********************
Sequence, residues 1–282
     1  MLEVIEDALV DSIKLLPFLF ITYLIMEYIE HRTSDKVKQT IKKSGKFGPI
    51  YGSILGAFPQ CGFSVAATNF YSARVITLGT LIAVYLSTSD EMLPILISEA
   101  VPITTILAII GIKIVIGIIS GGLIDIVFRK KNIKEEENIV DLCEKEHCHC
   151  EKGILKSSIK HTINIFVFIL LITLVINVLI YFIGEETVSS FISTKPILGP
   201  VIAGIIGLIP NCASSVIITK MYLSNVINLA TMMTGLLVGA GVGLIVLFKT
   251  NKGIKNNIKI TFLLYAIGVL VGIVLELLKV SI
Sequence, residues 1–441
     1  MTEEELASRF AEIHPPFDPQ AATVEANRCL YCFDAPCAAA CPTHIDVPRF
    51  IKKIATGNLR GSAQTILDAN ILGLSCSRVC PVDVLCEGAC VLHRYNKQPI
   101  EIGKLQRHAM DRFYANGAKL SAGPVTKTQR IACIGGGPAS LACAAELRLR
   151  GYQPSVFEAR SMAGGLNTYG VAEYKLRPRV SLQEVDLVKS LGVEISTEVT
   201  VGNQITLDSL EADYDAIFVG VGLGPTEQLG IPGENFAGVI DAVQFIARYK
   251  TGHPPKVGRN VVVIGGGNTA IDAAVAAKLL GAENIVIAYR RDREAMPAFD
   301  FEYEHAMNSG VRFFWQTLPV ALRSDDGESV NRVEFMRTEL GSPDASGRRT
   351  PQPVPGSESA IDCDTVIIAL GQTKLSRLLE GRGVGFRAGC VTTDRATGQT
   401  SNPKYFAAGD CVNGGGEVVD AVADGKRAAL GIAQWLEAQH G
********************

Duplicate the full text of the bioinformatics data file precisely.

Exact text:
Sequence, residues 1–282
     1  MLEVIEDALV DSIKLLPFLF ITYLIMEYIE HRTSDKVKQT IKKSGKFGPI
    51  YGSILGAFPQ CGFSVAATNF YSARVITLGT LIAVYLSTSD EMLPILISEA
   101  VPITTILAII GIKIVIGIIS GGLIDIVFRK KNIKEEENIV DLCEKEHCHC
   151  EKGILKSSIK HTINIFVFIL LITLVINVLI YFIGEETVSS FISTKPILGP
   201  VIAGIIGLIP NCASSVIITK MYLSNVINLA TMMTGLLVGA GVGLIVLFKT
   251  NKGIKNNIKI TFLLYAIGVL VGIVLELLKV SI
Sequence, residues 1–441
     1  MTEEELASRF AEIHPPFDPQ AATVEANRCL YCFDAPCAAA CPTHIDVPRF
    51  IKKIATGNLR GSAQTILDAN ILGLSCSRVC PVDVLCEGAC VLHRYNKQPI
   101  EIGKLQRHAM DRFYANGAKL SAGPVTKTQR IACIGGGPAS LACAAELRLR
   151  GYQPSVFEAR SMAGGLNTYG VAEYKLRPRV SLQEVDLVKS LGVEISTEVT
   201  VGNQITLDSL EADYDAIFVG VGLGPTEQLG IPGENFAGVI DAVQFIARYK
   251  TGHPPKVGRN VVVIGGGNTA IDAAVAAKLL GAENIVIAYR RDREAMPAFD
   301  FEYEHAMNSG VRFFWQTLPV ALRSDDGESV NRVEFMRTEL GSPDASGRRT
   351  PQPVPGSESA IDCDTVIIAL GQTKLSRLLE GRGVGFRAGC VTTDRATGQT
   401  SNPKYFAAGD CVNGGGEVVD AVADGKRAAL GIAQWLEAQH G